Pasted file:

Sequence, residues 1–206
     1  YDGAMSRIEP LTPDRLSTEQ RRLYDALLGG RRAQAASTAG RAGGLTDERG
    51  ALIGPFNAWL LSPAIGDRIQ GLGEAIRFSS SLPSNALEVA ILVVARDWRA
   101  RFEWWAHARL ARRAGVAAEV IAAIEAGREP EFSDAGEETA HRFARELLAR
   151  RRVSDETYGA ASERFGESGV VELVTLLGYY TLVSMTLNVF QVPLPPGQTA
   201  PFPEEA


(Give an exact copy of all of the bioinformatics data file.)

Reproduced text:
Sequence, residues 1–206
     1  YDGAMSRIEP LTPDRLSTEQ RRLYDALLGG RRAQAASTAG RAGGLTDERG
    51  ALIGPFNAWL LSPAIGDRIQ GLGEAIRFSS SLPSNALEVA ILVVARDWRA
   101  RFEWWAHARL ARRAGVAAEV IAAIEAGREP EFSDAGEETA HRFARELLAR
   151  RRVSDETYGA ASERFGESGV VELVTLLGYY TLVSMTLNVF QVPLPPGQTA
   201  PFPEEA